Sol LeWitt: A Wall Drawing Retrospective

Article and photographs by Robin Park

Due to run until 2033, Sol LeWitt: A Wall Drawing Retrospective takes up three entire floors of the Massachusetts Museum of Contemporary Art (MASS MoCA). Even outside the museum, the presence of the artwork is unmistakable; through the illuminated windows, parts of the exhibit peek out. Some are flamboyant, with brightly coloured geometric shapes converging across an equally flashy background; others are quieter, with variations of pencil lines on a white surface, grid-like and regular.

Yet though the visual manifestation of his works is physically astounding, there is an ever-present sense of intangibility in his pieces. A founding father of conceptual art, LeWitt believed that the idea behind an artwork was the most fundamental part of the piece. His belief is evident in his artistic process.

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In rendering his wall drawings, LeWitt writes instructions on how to construct the artwork. Then, working with a team of artists, he allows others to interpret his written instructions. Based on the concept that an idea is malleable in the minds of its beholders, LeWitt demonstrates that the physical interpretation of an artistic work is merely one trait of a piece.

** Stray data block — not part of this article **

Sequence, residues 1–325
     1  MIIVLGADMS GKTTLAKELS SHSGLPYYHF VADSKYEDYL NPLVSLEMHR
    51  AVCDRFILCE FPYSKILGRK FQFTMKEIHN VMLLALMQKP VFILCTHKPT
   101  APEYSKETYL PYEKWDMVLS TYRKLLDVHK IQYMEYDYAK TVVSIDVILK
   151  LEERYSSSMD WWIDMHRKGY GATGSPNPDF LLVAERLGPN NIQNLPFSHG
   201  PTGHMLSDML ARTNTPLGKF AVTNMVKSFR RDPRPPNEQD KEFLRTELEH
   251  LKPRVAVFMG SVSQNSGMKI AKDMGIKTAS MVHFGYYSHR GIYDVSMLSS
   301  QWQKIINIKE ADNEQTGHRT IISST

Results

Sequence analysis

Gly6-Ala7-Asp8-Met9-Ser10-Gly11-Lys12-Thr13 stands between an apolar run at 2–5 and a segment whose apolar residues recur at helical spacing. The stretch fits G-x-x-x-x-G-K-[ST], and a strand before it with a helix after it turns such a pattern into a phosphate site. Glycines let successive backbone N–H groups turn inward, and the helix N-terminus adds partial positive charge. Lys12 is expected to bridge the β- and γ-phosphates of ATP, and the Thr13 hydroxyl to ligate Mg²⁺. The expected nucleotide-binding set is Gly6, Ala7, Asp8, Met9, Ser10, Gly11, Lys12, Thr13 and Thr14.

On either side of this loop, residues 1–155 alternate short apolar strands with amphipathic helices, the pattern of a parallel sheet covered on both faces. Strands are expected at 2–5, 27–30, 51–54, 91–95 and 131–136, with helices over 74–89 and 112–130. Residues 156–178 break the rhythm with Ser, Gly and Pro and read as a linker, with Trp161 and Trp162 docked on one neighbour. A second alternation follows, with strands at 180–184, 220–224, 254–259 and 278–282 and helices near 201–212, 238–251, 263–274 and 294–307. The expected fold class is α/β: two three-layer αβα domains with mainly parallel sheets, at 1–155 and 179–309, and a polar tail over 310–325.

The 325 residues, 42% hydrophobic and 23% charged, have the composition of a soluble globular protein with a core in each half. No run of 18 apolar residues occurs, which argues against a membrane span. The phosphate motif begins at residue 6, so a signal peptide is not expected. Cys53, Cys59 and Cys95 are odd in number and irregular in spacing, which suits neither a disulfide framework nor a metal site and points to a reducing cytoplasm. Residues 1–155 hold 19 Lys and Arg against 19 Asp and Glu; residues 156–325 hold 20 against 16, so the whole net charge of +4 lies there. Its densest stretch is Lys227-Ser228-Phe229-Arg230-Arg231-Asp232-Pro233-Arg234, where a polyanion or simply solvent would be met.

After an exhibition is over, the constructions are destroyed, illustrating the ephemeral nature of the physicality of art. The concept, however, is immortal, and can be reproduced time after time. The aesthetic features of the art differ every time the art is reconstructed, as his instructions allow for individual interpretation. Emotional reactions that the working artists feel become part of the art itself.

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LeWitt has commented that “A blind man can make art if what is in his mind can be passed to another mind in some tangible form.” His goal was not to produce some singular, finite piece of art. Instead, he developed mental concepts and signs to be translated into the visual dimension—concepts that can exist simultaneously in multiple minds.

In this way, it is as poetic as it is conceptual.
In this way, it is as much ours as it is LeWitt’s.

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